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Mainstream, Vol XLV, No 34

Left Parties’ Statement: On the Indo-US Bilateral Nuclear Cooperation Agreement

Saturday 11 August 2007


The Left parties have consistently held that the nuclear cooperation agreement should not be seen in isolation from the overall strategic tie-up with the United States. The nuclear cooperation deal is an integral part of the July 2005 Joint Statement, which has political, economic and strategic aspects. It is also closely linked to the June 2005 Military Framework Agreement signed with the United States.

It is therefore not possible to view the text of the bilateral “123” Agreement negotiated with the United States as a separate and compartmentalised entity without considering its implications for India’s independent foreign policy, strategic autonomy and the repercussions of the US quest to make India its reliable ally in Asia. Following from the July 2005 Joint Statement, steps have been taken to entangle India into a complex web of political, economic and military relationships as part of the “strategic partnership”. The talk of the two democracies working together on a global scale, the growing influence of US-India forums on economics and commerce and the increasing military collaboration seen through the negotiations for the Logistics Support Agreement, the steadily escalating joint exercises and the inevitable demand that India purchase expensive weaponry from the United States.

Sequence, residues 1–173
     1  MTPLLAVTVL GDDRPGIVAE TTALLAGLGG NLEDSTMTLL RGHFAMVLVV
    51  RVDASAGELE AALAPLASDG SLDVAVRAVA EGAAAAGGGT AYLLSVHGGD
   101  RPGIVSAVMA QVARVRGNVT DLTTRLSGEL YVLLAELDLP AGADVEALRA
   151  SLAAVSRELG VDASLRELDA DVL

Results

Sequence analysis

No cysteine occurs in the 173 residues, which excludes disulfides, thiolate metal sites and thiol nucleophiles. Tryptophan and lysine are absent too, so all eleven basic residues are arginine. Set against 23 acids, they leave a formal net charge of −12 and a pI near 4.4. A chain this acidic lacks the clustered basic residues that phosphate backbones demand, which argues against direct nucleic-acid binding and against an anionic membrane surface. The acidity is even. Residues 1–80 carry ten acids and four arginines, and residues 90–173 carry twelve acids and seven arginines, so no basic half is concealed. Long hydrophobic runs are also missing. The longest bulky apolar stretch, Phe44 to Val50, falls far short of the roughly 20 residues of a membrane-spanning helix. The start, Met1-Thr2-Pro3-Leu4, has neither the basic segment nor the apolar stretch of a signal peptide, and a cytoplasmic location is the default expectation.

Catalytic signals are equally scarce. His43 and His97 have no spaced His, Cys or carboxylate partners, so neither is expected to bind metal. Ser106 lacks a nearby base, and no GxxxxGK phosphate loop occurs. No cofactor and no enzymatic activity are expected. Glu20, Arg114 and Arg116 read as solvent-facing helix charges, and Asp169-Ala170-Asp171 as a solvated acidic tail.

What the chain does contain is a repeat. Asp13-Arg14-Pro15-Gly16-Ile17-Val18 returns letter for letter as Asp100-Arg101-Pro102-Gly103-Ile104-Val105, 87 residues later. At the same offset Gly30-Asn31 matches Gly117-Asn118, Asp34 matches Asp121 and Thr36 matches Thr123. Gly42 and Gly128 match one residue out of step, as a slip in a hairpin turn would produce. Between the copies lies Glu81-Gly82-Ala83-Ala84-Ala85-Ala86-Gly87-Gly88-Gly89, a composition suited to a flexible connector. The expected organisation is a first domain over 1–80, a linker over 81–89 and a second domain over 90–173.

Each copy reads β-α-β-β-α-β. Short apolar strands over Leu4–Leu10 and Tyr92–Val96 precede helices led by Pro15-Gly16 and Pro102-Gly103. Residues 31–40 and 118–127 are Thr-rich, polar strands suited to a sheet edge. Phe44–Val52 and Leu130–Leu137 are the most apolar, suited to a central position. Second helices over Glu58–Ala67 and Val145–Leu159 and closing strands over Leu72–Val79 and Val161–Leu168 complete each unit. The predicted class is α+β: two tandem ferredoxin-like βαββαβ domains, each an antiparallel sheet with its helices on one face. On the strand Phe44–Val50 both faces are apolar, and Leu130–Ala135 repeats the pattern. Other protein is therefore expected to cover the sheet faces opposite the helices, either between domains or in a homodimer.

Even now, the briefing by the US spokesman on the bilateral nuclear agreement emphasises the cooperation India extended in efforts to isolate Iran by voting twice against it in the IAEA and the clear expectation that it will continue to extend this “cooperation”.

Such an expectation is in line with the Hyde Act provisions, which looms in the background. The bilateral agreement cannot be seen outside the context of the Hyde Act. However much the two sides have sought by skillful drafting to avoid the implications of the Hyde Act, it is a “national law” which is there, at present, and will be there, in the future. The agreement which binds India into clauses of perpetuity and which legitimises the US abiding by its “national laws” is something which should be seen objectively for its serious implications.

Serious concern had been expressed by the Left parties about various conditions inserted into the Hyde Act passed by the US Congress. A number of them pertain to areas outside nuclear co-operation and are attempts to coerce India to accept the strategic goals of the United States. These issues are:

• Annual certification and reporting to the US Congress by the President on a variety of foreign policy issues such as India’s foreign policy being “congruent to that of the United States” and more specifically India joining US efforts in isolating and even sanctioning Iran. [Section 104g(2) E(i)]

• Indian participation and formal declaration of support for the US’ highly controversial Proliferation Security Initiative including the illegal policy of interdiction of vessels in international waters. [Section 104g(2) K]

• India conforming to various bilateral/multilateral agreements to which India is not currently a signatory such as the US’ Missile Technology Control Regime (MTCR), the Australia Group etc. [Section 104c E,F,G]